Marco Arment Pulls 'Peace' iOS Ad Blocker Because It 'Just Doesn't Feel Good'

Marco Arment Pulls 'Peace' iOS Ad Blocker Because It 'Just Doesn't Feel Good'

Posted by · 8619 views · Translate
Marco Arment, the developer behind Instapaper and former CTO of Tumblr, has announced he is pulling Peace, an iOS 9 ad blocker application which just became the number one paid app on the App Store.

As I write this, Peace has been the number one paid app in the U.S. App Store for about 36 hours. It’s a massive achievement that should be the highlight of my professional career. If Overcast even broke the top 100, I’d be over the moon.

Achieving this much success with Peace just doesn’t feel good, which I didn’t anticipate, but probably should have. Ad blockers come with an important asterisk: while they do benefit a ton of people in major ways, they also hurt some, including many who don’t deserve the hit.


If you are not aware, Apple has introduced the ability to create content blocking Safari extensions in iOS 9, letting users block ads and cut off funding from websites that they frequent. At the same time, Apple has introduced News, a new application which lets users read articles from their favorite websites alongside iAds. Apple notes that publishers can "earn 100% of the revenue from ads you sell, and 70% when iAd sells ads for you."

At this point, it's still not clear how badly publishers will be affected by the new ad blocking extensions in iOS 9. If you're using an ad blocker we strongly recommend whitelisting respectable sites whose content you appreciate.

You can read Arment's full post at the link below...

Read More [via Randel]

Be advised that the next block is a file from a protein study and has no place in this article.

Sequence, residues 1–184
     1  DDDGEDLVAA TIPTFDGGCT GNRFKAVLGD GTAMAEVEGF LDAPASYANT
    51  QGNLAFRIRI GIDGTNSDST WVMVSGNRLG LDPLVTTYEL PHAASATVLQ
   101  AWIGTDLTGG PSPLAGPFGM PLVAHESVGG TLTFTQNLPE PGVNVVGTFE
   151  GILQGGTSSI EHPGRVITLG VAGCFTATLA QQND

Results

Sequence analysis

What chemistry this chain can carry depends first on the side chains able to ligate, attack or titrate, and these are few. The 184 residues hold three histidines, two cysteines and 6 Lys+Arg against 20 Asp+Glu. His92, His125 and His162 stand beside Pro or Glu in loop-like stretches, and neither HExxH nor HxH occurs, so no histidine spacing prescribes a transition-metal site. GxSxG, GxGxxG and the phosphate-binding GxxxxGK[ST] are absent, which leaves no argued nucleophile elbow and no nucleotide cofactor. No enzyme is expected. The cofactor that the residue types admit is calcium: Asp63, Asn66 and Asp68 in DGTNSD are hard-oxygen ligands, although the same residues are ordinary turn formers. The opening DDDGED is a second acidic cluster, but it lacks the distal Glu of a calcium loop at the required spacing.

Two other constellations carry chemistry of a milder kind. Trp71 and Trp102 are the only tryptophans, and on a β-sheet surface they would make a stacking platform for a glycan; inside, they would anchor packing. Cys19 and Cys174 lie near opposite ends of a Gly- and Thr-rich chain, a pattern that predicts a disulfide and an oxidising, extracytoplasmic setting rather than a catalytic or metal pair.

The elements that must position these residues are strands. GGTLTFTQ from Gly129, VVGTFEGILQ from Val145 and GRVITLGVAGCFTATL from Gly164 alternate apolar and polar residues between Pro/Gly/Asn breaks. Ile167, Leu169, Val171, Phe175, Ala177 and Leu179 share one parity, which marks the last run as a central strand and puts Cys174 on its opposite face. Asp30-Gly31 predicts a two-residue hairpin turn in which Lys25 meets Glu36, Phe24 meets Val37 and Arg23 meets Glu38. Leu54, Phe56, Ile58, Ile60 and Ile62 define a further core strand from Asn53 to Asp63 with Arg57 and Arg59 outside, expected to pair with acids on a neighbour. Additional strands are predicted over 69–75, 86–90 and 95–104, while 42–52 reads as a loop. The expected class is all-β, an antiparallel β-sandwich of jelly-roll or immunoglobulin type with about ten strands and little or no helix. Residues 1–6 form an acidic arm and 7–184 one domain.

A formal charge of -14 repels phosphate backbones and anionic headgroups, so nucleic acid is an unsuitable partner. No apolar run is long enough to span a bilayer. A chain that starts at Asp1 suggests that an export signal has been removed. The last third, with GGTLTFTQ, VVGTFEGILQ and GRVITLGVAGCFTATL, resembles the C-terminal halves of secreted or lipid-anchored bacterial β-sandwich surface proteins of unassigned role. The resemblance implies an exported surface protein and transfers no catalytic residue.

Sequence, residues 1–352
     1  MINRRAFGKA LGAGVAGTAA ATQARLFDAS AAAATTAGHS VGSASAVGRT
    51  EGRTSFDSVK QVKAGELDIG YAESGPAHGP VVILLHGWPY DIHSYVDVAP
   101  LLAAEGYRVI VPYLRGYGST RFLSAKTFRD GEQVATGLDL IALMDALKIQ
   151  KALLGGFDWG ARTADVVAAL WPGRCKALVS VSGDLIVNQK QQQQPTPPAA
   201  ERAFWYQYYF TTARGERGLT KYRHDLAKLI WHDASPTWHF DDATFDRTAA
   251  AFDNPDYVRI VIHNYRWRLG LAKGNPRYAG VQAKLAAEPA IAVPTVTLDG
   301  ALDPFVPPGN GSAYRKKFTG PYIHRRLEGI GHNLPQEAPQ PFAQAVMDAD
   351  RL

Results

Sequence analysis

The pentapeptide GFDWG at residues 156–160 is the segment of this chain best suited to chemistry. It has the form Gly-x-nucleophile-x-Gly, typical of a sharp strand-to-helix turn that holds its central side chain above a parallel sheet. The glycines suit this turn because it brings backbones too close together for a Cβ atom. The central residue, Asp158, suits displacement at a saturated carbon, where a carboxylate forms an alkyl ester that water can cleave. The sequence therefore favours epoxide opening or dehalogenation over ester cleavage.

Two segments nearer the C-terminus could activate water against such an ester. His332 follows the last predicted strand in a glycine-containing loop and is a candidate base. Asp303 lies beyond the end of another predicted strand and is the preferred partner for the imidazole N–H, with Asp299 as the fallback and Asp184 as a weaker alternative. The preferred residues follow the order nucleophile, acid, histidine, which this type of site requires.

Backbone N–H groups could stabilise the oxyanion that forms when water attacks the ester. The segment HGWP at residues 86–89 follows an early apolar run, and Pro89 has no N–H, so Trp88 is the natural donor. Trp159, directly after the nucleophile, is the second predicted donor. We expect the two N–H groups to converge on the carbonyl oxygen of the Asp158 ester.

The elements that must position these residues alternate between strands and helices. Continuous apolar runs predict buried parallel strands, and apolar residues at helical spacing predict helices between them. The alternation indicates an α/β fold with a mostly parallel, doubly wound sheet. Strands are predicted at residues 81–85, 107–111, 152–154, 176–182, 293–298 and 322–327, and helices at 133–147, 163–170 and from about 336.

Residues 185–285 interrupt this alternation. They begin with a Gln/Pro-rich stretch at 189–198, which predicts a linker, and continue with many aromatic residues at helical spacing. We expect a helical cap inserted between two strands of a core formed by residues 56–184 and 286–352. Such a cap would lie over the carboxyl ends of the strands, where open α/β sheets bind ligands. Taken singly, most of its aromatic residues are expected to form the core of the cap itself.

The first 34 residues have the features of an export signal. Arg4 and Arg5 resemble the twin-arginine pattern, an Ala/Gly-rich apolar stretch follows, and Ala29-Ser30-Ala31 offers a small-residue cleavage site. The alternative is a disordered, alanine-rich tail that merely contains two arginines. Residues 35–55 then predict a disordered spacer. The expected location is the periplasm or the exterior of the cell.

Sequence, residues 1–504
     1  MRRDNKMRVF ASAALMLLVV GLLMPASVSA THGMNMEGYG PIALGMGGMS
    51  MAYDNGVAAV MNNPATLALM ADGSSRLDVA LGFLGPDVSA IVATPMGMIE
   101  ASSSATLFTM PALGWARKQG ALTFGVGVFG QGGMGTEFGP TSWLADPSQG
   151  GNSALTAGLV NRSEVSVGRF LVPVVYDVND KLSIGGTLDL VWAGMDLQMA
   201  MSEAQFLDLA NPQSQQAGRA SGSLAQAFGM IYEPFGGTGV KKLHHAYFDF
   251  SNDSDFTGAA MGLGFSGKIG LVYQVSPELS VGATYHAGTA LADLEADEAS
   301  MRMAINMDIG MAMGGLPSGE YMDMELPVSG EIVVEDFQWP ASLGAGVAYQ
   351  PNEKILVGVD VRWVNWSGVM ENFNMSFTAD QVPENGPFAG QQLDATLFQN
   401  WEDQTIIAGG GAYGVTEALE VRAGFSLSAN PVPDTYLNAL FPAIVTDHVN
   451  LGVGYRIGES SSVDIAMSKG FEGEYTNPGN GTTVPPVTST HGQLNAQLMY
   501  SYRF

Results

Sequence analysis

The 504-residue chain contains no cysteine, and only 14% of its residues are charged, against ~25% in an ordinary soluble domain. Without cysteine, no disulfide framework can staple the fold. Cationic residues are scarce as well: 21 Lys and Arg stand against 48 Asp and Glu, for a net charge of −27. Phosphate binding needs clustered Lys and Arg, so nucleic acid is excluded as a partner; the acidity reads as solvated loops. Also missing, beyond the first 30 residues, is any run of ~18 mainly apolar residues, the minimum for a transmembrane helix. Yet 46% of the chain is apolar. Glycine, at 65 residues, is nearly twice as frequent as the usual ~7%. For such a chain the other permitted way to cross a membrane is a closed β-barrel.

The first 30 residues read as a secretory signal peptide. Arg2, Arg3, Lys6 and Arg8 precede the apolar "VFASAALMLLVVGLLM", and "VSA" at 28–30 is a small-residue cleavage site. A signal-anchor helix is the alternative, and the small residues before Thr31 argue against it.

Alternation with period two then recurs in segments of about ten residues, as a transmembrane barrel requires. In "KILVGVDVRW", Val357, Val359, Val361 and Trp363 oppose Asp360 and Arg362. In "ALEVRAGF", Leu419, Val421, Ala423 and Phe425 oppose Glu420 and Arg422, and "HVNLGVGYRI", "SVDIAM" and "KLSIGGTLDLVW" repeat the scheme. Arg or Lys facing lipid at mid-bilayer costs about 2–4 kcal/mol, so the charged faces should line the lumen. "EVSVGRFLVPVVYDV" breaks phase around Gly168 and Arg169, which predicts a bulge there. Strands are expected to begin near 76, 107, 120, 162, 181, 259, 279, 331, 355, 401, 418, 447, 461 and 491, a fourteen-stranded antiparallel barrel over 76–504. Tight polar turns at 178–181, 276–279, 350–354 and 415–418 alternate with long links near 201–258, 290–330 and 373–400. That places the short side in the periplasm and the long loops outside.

Marco Arment Pulls 'Peace' iOS Ad Blocker Because It 'Just Doesn't Feel Good'Marco Arment Pulls 'Peace' iOS Ad Blocker Because It 'Just Doesn't Feel Good'Marco Arment Pulls 'Peace' iOS Ad Blocker Because It 'Just Doesn't Feel Good'
2
Za - September 19, 2015 at 8:06pm
Ads have become so intrusive. Reading half a paragraph, and there are 7 ads in the way? How does a content provider allow that? It's ugly. Clearly, their only concern is for money and clicks. If they were worried about anything else, they wouldn't allow ads to dominate their sites. I quit Facebook. There's nothing worth the agony of waiting 20-30 seconds for a half dozen ads to load when someone posts a link to a "story". If there was a way to block ads in the Facebook app, I'd go back. Twitter isn't as bad, but I can see it headed that way. I don't feel bad blocking ads. They tone it down, and worry about the user experience, I'll kill the ad blockers.
MUKAI - September 19, 2015 at 4:25pm
Why does this crappy app have the Obama symbol? Hmmm.
Whirldy - September 19, 2015 at 10:53am
Refunds pending from Marco?
Ali - September 19, 2015 at 4:50am
He used Ghostery open source material closed it and sell it, which no good that is main reason if he didn't does that then Ghostery will contact Apple to pull it out
Keithk79 - September 19, 2015 at 4:06am
I don't wanna see ads, period. Especially video ads. That uses my bandwidth. Are the ad companies going to start compensating me for how much of bandwidth it's used? We know that's not going to happen.
4 More Comments
Recent